The Red Cross called for a 24-hour ceasefire in Yemen Saturday to give aid workers a chance to address the "dire humanitarian situation" there.
“We urgently need an immediate halt to the fighting to allow families in the worst affected areas, such as Aden, to venture out to get food and water, or to seek medical care,” Robert Mardini, the aid group’s head of operations in the Middle East said in a statement.
Hospitals treating the wounded are running low on medicines and the streets of Aden are strewn with dead bodies, he claimed.
“Our relief supplies and surgical personnel must be allowed to enter the country and safely reach the worst-affected places to provide help,” he added.
“Otherwise, put starkly, many more people will die. For the wounded, their chances of survival depend on action within hours, not days.”
The International Committee of the Red Cross (ICRC) also said there were fuel and water shortages in many parts of the country, with food stocks running low.
It called for all land, air and sea routes to be immediately opened to allow the delivery of 48 tonnes of medical supplies and surgical kits the organisation has ready to treat the 2,000 to 3,000 people who have been hurt in the fighting.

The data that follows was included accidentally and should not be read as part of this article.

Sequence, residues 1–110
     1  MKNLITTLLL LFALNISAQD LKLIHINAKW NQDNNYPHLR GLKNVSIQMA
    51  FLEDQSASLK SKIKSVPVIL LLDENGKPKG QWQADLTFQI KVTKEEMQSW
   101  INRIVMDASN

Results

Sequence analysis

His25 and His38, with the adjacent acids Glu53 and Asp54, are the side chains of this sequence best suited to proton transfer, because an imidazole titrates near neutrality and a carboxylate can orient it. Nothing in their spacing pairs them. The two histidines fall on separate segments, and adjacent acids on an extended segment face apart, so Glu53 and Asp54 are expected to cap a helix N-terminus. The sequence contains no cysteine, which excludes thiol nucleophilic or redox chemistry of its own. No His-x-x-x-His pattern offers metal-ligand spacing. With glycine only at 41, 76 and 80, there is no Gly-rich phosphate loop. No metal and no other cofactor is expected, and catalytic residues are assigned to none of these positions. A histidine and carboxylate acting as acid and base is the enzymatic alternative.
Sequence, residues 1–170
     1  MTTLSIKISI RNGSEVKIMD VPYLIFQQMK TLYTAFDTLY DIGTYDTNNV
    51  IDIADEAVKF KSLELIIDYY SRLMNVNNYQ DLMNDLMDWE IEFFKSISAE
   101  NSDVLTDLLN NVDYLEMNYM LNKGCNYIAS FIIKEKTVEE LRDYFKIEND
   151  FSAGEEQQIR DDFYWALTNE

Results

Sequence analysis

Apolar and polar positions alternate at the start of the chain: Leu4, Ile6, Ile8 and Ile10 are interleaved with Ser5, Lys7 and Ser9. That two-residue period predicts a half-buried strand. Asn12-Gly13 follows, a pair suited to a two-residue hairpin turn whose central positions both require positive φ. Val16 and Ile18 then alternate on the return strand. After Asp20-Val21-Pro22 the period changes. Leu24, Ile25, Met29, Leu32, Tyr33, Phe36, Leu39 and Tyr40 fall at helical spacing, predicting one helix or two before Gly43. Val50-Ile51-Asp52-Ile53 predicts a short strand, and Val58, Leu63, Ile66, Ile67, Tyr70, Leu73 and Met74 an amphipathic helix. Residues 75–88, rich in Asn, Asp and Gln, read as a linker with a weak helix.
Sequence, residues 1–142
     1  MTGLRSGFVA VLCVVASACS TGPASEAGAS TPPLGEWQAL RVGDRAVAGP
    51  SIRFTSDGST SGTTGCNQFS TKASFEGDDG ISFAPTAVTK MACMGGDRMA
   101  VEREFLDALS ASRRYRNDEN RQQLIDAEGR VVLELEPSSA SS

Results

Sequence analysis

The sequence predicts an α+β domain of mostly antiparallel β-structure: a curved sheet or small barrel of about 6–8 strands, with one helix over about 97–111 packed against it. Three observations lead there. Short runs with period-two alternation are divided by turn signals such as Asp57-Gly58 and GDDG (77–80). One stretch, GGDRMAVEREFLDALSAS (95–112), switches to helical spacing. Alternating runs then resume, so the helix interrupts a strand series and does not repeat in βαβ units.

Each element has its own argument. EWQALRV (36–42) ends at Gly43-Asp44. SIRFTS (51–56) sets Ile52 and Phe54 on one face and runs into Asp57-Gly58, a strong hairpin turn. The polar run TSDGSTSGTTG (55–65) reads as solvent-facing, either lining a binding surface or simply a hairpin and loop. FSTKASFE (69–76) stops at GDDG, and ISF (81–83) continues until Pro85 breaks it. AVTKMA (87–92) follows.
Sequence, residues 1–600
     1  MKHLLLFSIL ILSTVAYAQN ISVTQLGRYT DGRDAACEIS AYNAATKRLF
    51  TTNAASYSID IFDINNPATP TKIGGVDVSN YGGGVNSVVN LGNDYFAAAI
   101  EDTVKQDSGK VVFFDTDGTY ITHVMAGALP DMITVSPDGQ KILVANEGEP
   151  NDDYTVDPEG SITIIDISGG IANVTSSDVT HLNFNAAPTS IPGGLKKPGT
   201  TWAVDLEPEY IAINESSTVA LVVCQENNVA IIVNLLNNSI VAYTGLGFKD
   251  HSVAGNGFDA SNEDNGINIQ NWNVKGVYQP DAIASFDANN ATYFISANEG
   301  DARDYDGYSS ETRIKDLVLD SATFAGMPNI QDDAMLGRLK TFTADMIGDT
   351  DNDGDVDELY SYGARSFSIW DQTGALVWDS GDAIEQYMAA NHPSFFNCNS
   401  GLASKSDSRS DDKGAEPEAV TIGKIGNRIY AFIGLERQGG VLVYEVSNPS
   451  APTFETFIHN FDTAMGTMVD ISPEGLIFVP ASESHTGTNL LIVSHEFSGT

The country’s civil war has increasingly become a regional battle between Iran-backed Huthi rebels, and government forces backed by air strikes from a Saudi-led coalition of Gulf states.
Despite repeated appeals in the past week to allow humanitarian aid into Yemen, ICRC personnel and supplies have been blocked from entering the country.
The Geneva-based organisation said if allowed entry to Yemen, it would transport tents, generators and materials to repair damaged water systems, and deploy a team of surgeons on standby in Djibouti.
Three volunteer Red Cross workers were killed this week while going to the aid of injured people in Yemen.